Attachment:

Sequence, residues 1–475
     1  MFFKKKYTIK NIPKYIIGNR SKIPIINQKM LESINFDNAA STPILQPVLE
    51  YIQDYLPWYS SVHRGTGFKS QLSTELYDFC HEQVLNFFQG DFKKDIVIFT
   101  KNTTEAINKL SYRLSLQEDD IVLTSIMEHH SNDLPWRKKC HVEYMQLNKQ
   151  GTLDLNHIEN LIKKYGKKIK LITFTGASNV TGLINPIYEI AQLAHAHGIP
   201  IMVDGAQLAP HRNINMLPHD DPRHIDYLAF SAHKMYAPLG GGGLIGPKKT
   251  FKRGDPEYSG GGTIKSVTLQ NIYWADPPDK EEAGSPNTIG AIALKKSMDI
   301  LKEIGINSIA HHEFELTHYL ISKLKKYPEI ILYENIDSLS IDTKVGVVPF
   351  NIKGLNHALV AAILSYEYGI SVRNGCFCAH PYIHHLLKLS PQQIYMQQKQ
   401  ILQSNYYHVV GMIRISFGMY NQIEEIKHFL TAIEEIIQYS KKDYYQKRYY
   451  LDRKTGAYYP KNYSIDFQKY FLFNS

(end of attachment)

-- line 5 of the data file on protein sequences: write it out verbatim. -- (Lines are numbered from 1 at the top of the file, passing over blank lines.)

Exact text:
   151  GTLDLNHIEN LIKKYGKKIK LITFTGASNV TGLINPIYEI AQLAHAHGIP